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A founding member of the team, Sean McNally is an on-air radio personality and program director for Brewer Media’s Big Easy 95.3 and Big Easy 106.9. “I’m a big fan. I grew up playing baseball in high school, and I tried to be around the sport whenever I could,” he says. “A lot of guys in the league are like me, and we found vintage base ball and fell in love with it. Not just because we got to play baseball again but because of the historical aspect of it too.”

Fast on his feet, McNally—known as “Mac”—plays in the garden (that’s the outfield). One of the youngest members of his team at 26, he says the league is for all ages and abilities. New recruits just have to read up on the rulebook and code of conduct, purchase the uniform, and love the game.

“The rules you can pick up fairly easily,” he says. “There are some subtle differences from the normal game, but really it’s not so much about your athletic ability. It is more of how you carry yourself on the field and how you present the game.”

In vintage base ball, two-handed catches are most common, but a one-handed catch will earn you praise from the crowd. If you over-run first base, you can get tagged out. The only restriction on bat size is it must be 2.5 inches in diameter.

McNally says learning to play the part of a gentleman—and learning the lingo—will make you more legit. “We are acting in the behavior of 1864 with our terminology, the way we dress, the way we carry ourselves. If I’m playing first base and you get a great hit, I will congratulate you and say ‘Well struck, sir,’” he says. “It’s not quite like today’s game where a lot of guys are fending for themselves. It’s very laid back.”

 

Mountain City Vintage Base Ball Club of Chattanooga

Also founded in November 2014, Mountain City Club opened the 2016 season with an away match against the Knoxville Holstons on April 9. They practice batting and fielding once a week at 6th Cavalry Museum. Their home matches against the Lightfoot Club—a friendly rival to whom they have yet to lose—will be held on June 18 and July 23, beginning at noon.

Mountain City’s Andrew “Mighty Bandit” Bewley is a local financial advisor who lives in Brainerd and has been playing baseball since he was a boy. A shortscout (shortstop) on the team, he says the most special part about heading into his second season with Tennessee vintage base ball is playing alongside his son, William, a centerfielder and a 23-year-old senior at UTC.

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William was given the nickname “Sweet Feet” for his speed and tendency to fake the other team into making a mistake. “What would normally be a routine single, he tears through the bag and starts heading to second, forces a throw and acts like he’s doubling back to first,” Bewley says. “For him one of the best things is to get caught in a pickle.”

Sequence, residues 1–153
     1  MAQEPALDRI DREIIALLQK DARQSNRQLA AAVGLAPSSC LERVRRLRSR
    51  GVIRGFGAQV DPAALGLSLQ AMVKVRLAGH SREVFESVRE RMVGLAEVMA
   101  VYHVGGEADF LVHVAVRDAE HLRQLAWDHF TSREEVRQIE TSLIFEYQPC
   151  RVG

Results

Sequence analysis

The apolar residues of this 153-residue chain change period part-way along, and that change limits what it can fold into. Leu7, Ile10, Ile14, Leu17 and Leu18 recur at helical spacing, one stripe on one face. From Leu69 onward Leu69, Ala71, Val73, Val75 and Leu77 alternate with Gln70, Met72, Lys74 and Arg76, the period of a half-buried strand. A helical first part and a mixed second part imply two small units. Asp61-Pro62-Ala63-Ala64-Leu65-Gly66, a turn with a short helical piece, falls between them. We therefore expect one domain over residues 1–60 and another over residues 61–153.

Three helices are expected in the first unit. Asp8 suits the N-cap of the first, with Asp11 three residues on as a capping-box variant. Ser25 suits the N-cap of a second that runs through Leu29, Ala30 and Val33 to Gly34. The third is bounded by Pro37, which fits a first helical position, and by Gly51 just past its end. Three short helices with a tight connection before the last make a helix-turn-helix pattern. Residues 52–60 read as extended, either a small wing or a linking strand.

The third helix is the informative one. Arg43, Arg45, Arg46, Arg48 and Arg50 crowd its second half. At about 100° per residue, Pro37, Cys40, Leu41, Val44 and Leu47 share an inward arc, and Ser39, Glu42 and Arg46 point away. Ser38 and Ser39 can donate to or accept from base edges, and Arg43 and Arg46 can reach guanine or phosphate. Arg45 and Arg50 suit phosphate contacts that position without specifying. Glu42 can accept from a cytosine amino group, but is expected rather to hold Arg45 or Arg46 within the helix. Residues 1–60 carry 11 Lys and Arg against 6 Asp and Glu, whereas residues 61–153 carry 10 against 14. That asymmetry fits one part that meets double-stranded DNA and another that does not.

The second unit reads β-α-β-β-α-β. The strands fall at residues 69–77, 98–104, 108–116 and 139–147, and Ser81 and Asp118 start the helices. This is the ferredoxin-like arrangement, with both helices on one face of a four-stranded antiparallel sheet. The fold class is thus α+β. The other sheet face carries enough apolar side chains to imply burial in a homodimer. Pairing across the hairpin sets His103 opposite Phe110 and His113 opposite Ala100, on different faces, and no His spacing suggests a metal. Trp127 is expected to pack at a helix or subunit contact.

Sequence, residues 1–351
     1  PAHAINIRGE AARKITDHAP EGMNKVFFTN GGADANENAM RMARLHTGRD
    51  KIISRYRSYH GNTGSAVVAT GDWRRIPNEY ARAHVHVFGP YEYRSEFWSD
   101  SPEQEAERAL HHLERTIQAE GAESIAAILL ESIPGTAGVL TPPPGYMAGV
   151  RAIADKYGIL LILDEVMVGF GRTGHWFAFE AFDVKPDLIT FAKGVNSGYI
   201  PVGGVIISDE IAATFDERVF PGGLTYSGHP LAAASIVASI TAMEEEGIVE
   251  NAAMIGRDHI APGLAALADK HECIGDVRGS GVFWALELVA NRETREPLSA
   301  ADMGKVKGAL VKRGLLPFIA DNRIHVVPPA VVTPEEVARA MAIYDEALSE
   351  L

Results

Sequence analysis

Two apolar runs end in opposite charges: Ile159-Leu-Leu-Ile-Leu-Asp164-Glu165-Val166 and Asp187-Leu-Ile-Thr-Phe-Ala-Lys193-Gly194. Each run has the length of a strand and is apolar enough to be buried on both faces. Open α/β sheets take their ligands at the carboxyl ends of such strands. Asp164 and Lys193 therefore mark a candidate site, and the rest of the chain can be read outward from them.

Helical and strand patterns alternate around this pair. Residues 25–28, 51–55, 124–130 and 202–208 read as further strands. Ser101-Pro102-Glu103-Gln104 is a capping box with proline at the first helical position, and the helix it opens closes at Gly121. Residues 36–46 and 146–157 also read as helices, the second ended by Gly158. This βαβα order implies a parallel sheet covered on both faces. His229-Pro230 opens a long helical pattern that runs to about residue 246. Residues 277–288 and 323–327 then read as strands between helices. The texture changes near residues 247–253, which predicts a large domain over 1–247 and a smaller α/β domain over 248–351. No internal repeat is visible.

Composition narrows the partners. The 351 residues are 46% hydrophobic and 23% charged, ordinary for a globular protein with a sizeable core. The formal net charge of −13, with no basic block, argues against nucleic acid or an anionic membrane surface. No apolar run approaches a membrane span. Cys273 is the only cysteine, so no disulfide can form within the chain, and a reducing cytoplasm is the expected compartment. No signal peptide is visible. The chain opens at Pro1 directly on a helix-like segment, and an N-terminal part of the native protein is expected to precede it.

A fan of the contributions the Tennessee Association of Vintage Base Ball brings to the community, Bewley says it is not just speaking engagements that offer entertainment and enrichment. Practices, scrimmages, and home games also draw quite a crowd.

“The folks that live on Barnhardt Circle in Fort Oglethorpe—they see us out there playing and come out to watch. At first they are tentative, staying in their front yards, then they’re crossing the street and asking us questions during the course of the game. That in and of itself is a form of community outreach.”

Both teams encourage children who attend a game to run the bases or take a turn at bat once the innings are complete. There is no fee to watch a game as a spectator, but concessions and team merchandise are available for purchase.

There are no grandstands—but there is plenty of shade—so bring a picnic blanket (and possibly a banjo, if you play).

 

The Future of Vintage Base Ball

Newspaper clippings from the mid-1860s reveal the respect and decorum base ball has held in its communities since the beginning of the sport. One report from the Nashville “Press and Times” details a player who wasn’t quite himself on the field because he was suffering from “the cholera.” The writer scolds a team that nearly sacrificed its reputation with bad attitudes: “Be gentlemen, gentlemen! Even if you are defeated a thousand times.”

Haskins says he expects vintage base ball in Tennessee will only continue to grow. His league already plans to add a twelfth team in 2017, possibly based in Chattanooga, if the interest is there.

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For the players who love the game and the fans who love the historical flare, vintage ball is here to stay. “I’ve been around this game so long, and sometimes I take for granted what it really means to me,” Bewley says. “The day that I finally have to hang up my cleats for good—that’s going to be the saddest day of my life. But until that day, I’m going to enjoy every single second of this.”

To catch a glimpse of each team’s full schedule for this year, visit tennesseevintagebaseball.com